June 24, 2024 9:40 am

Biden vows to rebuild collapsed Baltimore bridge ‘rapidly’

US President Joe Biden vowed to “move heaven and earth” to help Baltimore recover from a deadly bridge collapse that blocked the city’s port.

He added the government will “help you rebuild and maintain all the business and commerce that’s here now”.

Along with killing six workers, the collapse trapped a massive ship in one of the busiest ports on the East Coast, used by companies such as Amazon.

So far, $60m (£47.4m) has been earmarked for the clean-up effort.

The final cost of clearing the waterway and rebuilding the bridge is likely to be far higher, with some lawmakers estimating it could rise to hundreds of millions of dollars. One, Maryland Democrat David Trone, told CBS, the BBC’s US partner, that he believes the cost could be as high as $1bn.

On Friday, Mr Biden re-iterated a previous commitment to help Baltimore fund the recovery process and rebuilding effort.

“I fully intend…that the federal government [will] cover the cost of building this entire bridge. All of it,” he said, calling on Congress to authorize funding “as soon as possible”.

During his visit, Mr Biden, who has family ties to the city, took an aerial tour of the collapsed area alongside Maryland Governor Wes Moore and other senior officials involved in the salvage effort, before meeting with emergency personnel.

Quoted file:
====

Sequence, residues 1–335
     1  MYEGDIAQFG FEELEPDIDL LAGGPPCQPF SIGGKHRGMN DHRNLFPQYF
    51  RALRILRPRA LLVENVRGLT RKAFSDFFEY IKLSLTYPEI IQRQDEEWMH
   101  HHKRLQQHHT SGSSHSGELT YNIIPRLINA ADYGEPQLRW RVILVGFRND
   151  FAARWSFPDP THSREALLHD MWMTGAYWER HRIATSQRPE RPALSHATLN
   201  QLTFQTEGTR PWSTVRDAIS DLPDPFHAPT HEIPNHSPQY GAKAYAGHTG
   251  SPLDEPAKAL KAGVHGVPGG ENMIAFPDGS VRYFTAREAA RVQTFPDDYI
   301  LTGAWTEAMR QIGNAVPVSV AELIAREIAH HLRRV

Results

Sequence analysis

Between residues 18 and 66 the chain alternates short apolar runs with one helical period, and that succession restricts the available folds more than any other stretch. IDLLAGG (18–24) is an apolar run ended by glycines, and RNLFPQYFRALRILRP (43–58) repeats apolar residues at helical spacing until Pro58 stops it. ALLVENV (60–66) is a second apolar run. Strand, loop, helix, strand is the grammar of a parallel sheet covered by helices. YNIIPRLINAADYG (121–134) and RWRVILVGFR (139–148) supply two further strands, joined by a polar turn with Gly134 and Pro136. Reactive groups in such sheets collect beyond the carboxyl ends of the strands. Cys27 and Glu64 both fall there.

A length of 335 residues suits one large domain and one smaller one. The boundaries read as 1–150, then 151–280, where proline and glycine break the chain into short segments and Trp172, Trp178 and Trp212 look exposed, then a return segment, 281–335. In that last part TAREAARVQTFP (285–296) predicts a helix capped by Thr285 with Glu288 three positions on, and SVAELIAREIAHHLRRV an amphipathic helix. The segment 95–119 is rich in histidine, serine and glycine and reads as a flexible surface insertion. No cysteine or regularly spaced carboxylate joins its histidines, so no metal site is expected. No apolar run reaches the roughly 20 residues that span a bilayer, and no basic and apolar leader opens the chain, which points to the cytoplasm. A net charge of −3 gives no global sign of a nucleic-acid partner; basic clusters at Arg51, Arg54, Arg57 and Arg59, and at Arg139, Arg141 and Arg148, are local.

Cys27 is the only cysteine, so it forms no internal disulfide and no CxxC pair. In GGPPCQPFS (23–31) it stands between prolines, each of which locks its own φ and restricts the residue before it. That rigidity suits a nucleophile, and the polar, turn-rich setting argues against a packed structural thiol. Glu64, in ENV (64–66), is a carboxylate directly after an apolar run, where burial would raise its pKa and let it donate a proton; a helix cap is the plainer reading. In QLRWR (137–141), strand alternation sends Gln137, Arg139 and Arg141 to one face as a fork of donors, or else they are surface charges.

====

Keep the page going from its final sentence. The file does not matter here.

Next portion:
Speaking in the Baltimore suburb of Dundalk – with the cargo ship, the Dali, and the ruined bridge clearly visible – Mr Biden said the federal government will “move heaven and earth” to rebuild the bridge “as rapidly as humanly possible”.

He added that the reconstruction effort will be done with “union labour and American steel.”

The port is a vital economic hub that is linked to more than 15,000 jobs.

“Folks, we all need to step up,” he added, “Amazon, Home Depot…and other companies all rely on this port, and they have committed to keep workers on payrolls.”

In his remarks, Mr Biden also directed a message to the families of the “working, strong, selfless” men who died in the accident, with whom he was also scheduled to meet during his visit. All six were immigrants from Mexico and Central America.

“Never forget the contributions these men made to this city,” he said. “We’re going to keep working hard to recover each of them.”

In a 5 April letter to senior members of House and Senate committees focused on infrastructure, transportation, public works and the environment, Office of Management and Budget Director Shalonda Young wrote that the administration would pursue “all avenues to recover the costs of past, current and future work”.

In the wake of the crash, the “unified command” responsible for the response opened two smaller temporary shipping channels in the area to allow limited maritime traffic to pass through.

By the end of April, officials hope to open a limited access channel 280ft (80m) wide and 35ft (10m) deep to allow one-way traffic for barge containers and some other vessels that carry cars and equipment.

The entire, permanent channel is expected to be clear and ready for use by the end of May, the unified command said in a statement earlier this week.

That timeline, however, may change due to weather and unexpected complications with the salvage effort.

“This is going to take time,” Mr Biden said.

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